The Changing Beer Market Dynamics
From premium and international beer brands to locally brewed Nepali strong beer brands Nepal's beer market has seen a tremendous shift in the last couple of years. Industry insiders opine that varied tastes, numerous choices and price factor are among the overriding reasons for this shift. Consumers are spoilt for choices in today's market scenario and hence, they have started to prefer indigenous beer brands, asserts K P Rizal, Deputy General Manager at Sungold Brewery (Nepal) Pvt Ltd.
This change in consumption trend has ensured that Gorkha Brewery Pvt Ltd, the market leader, has turned out to be the biggest loser in the bargain. It enjoyed an absolute monopoly in the market with over 80 per cent market share not too long ago with established and popular brands namely Carlsberg, Tuborg and San Miguel ruling the marketplace. Over the last couple of years, however, the brewery has seen a turnaround in fortunes primarily due to the change in consumers tastes and sense of pride attached with local brands. A market estimate suggests that Gorkha Brewery has seen its market share plummet sharply during this period.
"The market has shifted to lesser priced brands and it has led to the leading brewery losing market share considerably," confirms Kishor Bhattarai Chief of Sales & Marketing at Himalayan Brewery Ltd. Experts allege that international brands took the market for granted and hence, created room for local brands to find a stronger foothold in the market. More consumers are increasingly opting for strong beer brands that cost less as well as promise faster intoxication.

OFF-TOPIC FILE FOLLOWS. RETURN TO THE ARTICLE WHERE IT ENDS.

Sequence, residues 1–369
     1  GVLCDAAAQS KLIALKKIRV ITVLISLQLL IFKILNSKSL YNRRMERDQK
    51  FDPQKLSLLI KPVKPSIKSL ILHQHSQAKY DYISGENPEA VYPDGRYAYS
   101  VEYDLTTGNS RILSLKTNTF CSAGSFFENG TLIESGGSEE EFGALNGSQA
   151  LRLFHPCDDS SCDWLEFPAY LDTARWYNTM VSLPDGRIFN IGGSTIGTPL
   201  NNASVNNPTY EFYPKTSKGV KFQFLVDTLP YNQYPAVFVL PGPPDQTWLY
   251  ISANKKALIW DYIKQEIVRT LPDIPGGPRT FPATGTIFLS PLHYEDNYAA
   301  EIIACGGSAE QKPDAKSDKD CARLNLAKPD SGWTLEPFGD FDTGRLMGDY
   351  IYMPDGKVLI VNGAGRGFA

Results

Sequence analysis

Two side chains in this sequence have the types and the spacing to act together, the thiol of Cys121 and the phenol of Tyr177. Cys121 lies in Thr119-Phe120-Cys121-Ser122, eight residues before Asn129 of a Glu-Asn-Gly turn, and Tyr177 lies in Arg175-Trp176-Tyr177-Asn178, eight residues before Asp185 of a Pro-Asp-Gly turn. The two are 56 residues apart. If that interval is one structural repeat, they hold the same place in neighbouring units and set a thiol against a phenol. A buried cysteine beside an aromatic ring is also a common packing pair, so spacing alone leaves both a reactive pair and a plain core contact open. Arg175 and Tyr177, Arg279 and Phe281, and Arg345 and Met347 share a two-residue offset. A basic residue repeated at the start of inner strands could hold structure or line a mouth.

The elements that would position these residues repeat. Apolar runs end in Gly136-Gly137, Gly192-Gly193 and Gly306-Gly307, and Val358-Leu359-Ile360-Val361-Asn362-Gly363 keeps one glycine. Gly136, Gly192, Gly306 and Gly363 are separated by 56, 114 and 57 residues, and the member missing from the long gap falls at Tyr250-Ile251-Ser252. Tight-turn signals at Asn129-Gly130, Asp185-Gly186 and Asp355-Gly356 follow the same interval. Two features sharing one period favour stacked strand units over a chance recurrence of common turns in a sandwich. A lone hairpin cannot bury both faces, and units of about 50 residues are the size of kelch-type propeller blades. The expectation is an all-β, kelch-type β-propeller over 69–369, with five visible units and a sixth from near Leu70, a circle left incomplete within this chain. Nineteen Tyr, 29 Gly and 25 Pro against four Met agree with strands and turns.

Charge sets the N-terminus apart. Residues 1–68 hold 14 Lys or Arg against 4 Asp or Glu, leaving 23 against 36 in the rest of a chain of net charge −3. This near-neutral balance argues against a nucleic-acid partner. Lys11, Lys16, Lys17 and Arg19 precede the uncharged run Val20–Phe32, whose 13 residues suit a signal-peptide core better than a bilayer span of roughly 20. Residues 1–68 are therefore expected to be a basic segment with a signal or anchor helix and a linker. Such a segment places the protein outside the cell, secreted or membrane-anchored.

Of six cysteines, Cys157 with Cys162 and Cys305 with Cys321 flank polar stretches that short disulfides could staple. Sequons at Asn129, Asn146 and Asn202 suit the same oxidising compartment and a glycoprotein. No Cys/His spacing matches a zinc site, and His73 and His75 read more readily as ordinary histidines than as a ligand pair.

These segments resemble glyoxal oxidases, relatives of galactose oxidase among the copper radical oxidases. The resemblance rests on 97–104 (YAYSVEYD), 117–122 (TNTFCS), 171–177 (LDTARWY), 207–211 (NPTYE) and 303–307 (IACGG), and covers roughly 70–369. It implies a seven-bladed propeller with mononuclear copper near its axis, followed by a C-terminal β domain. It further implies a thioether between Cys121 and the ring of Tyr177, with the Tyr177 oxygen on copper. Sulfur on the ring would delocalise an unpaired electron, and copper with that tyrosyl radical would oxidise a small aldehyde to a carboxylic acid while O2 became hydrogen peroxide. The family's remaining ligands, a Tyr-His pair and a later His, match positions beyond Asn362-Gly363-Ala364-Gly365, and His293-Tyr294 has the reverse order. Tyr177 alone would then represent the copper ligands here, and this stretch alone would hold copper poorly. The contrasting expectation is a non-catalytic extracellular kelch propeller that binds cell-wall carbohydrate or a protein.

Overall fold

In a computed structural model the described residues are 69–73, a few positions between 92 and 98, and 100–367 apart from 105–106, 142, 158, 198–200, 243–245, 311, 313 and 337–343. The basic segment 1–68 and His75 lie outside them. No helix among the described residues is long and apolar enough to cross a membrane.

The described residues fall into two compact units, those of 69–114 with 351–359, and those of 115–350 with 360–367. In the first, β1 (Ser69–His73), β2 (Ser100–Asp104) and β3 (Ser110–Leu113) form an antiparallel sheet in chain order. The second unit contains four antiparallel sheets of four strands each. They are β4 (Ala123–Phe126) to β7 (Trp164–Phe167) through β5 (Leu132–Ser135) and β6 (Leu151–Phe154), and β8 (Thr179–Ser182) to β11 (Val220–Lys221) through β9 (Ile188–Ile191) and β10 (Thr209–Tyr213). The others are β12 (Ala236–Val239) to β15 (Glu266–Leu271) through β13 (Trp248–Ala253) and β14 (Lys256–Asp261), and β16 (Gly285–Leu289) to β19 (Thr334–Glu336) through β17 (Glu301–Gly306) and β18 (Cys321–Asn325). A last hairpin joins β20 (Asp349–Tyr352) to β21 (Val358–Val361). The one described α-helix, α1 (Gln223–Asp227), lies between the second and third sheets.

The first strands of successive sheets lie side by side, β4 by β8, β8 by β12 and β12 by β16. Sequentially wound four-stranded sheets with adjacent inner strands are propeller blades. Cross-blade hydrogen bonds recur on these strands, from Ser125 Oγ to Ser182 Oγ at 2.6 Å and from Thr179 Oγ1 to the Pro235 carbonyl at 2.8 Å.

The price of a beer is what is truly driving the market at this point of time. "The mindset of the consumers is to buy a beer with high alcohol content at cheap price," agrees Thomas Schlau Technical Director and Master Brewer at Sthapit & Schlau Pvt Ltd. He says people must enjoy beer and there is a need for a culture to develop around beer drinking. Sensing the shift from the premium and international beer brands to indigenous Nepali brands, market leader Gorkha Brewery has indulged in severe price slashing in a bid to regain lost territory, reiterate competitors. So much so that its flagship brand Gorkha is now the cheapest beer brand available in the market.
Though, of course, the brewery continues to be the market leader due to its strong show in the premium segment which it monopolises with no competition in sight by a long way. Sthapit & Schlau that began production in May 2010 by using the production facility at United Breweries Nepal Pvt Ltd in Hetauda Industrial district, started with a modest 2,500 cases a month. Within a year-and-a-half, it has registered a 100 per cent growth, claims Schlau, and produces 5,000 cases a month during the 'beer season' between March and October. We have been promoting both our brands Coblenzer Pilsener and Coblenzer Marzen as natural beer and it took us some convincing to sell initially but our hard work is beginning to pay off, he says.